“Richard Jewell” stars Paul Walter Hauser, Sam Rockwell, Kathy Bates, Jon Hamm, and Olivia Wilde. Released on December 13, 2019, the film is about a security guard who is unfairly classified as a suspect despite him saving lives from an exploding bomb.
The film is directed by Clint Eastwood, who also directed films such as “Unforgiven”, “Million Dollar Baby”, “American Sniper”, and “The Mule”. It is based on the 1997 Vanity Fair article “American Tragedy: The Ballad of Richard Jewell” by Marie Brenner. It is also based on the 2019 book The Suspect by Kent Alexander and Kevin Salwen. Mr. Eastwood is back in the awards game this year with another fact-based drama about an American hero whose heroic actions are called into question. This time, it’s an ordinary security guard. Eastwood is known for bringing these types of stories to life, so it should come as no surprise that he wanted to helm this one. For those who needed a reminder, I was able to follow Eastwood’s filmography after experiencing his 2014 mega-hit “American Sniper” (which I loved, by the way), and since then, I have grown to appreciate his talent as a filmmaker. This was one of the reasons why I went and saw this film, with the other being the fact that I was interested in the events that it’s based on. It has already been chosen as one of the top ten best films of the year by the National Board of Review and Kathy Bates has already been getting some recognition for her supporting role, especially from the Golden Globes. Based on what I saw, does it deserve more? More importantly, Does it do the real-life event justice?
The story chronicles the real-life events surrounding the title character (Hauser), a security guard who discovered a terrorist plot that resulted in the Centennial Olympic Park bombing during the 1996 Summer Olympics. He was hailed as a hero by the people he evacuated, but the FBI identified him as one of the suspects responsible for planting that bomb. This lead the press to falsely accuse him of performing this despicable deed. With his life on the line, Jewell seeks the help of his lawyer Watson Bryant (Rockwell) to clear his name before he gets sent to jail as an innocent man. The film deals with defamation, in which the news media and journalists sent out false statements that unjustly harms someone’s reputation, and how it affects the person who is targeted. Like Eastwood’s other film “Sully”, “Richard Jewell” is a subtle dialogue-driven drama that relies on conversations to drive the story with an occasional intense scene or two, so if you’re not into that type of stuff, you might find this one to be either underwhelming or boring. Admittedly, it did have a couple of underwhelming scenes that didn’t exactly nail the emotional heights of its topic, but it’s still a well-crafted and respectable drama that honors Jewell’s heroic act as well as its frustrating topic. Clint Eastwood is the type of director who offers a sense of delicacy to his vision when it comes to the dramatic scenes. Sure, it’s not as hard-hitting or heart-pounding as the other fact-based dramas, but there’s something about his style that made me want to feel connected to those delicate dialogue scenes. They’re slow, but they’re also engaging and heartfelt. In short, he did a really good job at envisioning this type of story without losing focus on its objective. The main cast was great in their roles, especially Paul Walter Hauser as the title character. I think this is the first time I’ve seen this actor in a central role since he’s only known for being in supporting roles. From what I saw, he portrayed the character extremely well and his performance shows that he might be ready to take on more roles like this in the future. Sam Rockwell turned in another good performance as Watson Bryant and Kathy Bates was marvelous in her role as Barbara Jewell, Richard’s mother. Another thing I would like to mention is Kathy Scruggs (played by Olivia Wilde), a reporter who is responsible for writing the story about Jewell. Before I went and saw this film, I heard that it’s been criticized by The Atlanta-Journal Constitution for depicting a scene where Scruggs offers to trade sex with an FBI agent in return for private information. I don’t know the real story behind this situation, but what I do know is that this character is a jerk. If the film’s job is to make Scruggs the type of character who only cares about getting the story across rather than everybody else, it did its job well. I can understand why the newspaper company did not like the film’s portrayal of Scruggs, but they almost ruined Jewell’s life with their posts, so…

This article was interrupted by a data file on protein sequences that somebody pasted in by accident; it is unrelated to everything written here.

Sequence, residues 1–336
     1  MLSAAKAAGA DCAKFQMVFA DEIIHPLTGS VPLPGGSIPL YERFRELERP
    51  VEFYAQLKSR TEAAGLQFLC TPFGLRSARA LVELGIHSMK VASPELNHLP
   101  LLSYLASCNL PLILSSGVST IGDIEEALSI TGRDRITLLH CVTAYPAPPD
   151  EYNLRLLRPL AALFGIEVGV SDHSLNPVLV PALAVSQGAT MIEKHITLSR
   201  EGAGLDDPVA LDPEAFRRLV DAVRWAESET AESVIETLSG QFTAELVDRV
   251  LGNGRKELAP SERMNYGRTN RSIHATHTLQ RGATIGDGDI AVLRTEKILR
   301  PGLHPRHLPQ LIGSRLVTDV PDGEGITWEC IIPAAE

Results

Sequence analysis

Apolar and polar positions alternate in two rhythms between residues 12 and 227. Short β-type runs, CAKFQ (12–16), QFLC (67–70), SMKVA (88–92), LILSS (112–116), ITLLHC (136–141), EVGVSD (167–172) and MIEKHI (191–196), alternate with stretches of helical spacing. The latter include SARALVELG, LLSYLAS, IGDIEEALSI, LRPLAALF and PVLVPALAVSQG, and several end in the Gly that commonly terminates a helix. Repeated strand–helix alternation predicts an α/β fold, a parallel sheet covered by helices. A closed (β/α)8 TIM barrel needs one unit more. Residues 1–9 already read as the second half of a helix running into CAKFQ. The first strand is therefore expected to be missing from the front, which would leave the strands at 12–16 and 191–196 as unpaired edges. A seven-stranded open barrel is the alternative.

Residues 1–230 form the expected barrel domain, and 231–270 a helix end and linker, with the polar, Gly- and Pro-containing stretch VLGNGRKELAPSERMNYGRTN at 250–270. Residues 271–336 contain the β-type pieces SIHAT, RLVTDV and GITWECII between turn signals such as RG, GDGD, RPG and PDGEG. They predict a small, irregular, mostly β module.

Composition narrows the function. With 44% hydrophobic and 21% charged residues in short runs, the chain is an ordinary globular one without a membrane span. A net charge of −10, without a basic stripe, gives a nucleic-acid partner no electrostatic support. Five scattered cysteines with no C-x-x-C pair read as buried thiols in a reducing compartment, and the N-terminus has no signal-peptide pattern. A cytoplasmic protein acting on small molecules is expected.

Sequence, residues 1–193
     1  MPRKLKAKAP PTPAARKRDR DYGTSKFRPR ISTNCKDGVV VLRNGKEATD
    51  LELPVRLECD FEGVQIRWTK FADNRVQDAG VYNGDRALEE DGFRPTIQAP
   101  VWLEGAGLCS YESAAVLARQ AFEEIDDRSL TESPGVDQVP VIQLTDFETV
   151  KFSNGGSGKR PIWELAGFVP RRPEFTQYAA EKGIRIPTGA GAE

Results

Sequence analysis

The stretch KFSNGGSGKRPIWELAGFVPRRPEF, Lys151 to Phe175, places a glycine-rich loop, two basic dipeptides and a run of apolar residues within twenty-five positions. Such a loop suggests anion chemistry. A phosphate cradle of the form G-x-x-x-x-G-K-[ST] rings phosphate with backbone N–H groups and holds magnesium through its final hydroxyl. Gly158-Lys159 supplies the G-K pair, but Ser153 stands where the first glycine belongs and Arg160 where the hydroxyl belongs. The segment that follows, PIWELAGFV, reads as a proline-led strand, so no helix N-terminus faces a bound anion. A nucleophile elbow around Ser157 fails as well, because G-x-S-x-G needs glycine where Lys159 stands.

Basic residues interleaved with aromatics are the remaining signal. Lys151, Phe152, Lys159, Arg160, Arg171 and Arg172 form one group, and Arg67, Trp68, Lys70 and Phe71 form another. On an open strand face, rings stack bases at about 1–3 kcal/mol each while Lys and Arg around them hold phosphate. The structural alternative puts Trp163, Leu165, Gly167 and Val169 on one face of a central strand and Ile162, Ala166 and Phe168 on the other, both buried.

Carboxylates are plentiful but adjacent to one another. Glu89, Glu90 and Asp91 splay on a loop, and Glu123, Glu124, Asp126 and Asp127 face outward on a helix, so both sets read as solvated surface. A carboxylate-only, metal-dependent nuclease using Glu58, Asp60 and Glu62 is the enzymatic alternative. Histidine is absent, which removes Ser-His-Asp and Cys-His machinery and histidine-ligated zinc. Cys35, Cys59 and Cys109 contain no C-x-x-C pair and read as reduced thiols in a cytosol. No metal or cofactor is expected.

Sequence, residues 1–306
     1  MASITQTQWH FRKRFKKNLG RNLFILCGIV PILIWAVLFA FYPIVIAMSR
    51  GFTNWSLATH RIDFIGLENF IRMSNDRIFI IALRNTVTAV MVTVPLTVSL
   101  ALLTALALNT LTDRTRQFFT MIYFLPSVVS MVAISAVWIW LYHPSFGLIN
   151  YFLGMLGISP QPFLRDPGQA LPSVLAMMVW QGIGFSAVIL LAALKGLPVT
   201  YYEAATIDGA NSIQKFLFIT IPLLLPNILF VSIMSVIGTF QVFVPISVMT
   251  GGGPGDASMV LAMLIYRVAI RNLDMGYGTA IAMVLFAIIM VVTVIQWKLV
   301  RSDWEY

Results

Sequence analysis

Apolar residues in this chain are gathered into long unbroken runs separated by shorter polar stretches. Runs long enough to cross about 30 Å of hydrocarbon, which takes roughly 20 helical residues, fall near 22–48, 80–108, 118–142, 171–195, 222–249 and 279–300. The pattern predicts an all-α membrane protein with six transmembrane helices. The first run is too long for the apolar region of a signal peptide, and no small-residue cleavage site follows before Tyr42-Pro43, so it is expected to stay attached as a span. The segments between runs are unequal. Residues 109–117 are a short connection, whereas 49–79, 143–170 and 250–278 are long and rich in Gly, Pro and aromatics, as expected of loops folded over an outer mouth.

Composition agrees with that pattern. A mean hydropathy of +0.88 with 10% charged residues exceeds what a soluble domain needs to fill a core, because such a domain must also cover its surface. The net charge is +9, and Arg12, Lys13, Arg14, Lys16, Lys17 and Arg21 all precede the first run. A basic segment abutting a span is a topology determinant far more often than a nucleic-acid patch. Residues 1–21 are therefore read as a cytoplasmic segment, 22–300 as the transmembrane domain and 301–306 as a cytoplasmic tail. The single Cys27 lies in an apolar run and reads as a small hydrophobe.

Overall, “Richard Jewell” is another meaningful and heartfelt drama that only Clint Eastwood can make. The performances from the cast, Eastwood’s direction, and its engaging dialogue sequences are enough to represent its themes and its ordinary hero in a delicate and honest light. It’s too bad that it didn’t get any awards for everything else, but with all of the big award-potential films out there, it makes sense as to why it got left out in the dust. If you’re a fan of Eastwood’s filmography, this film is worth checking out.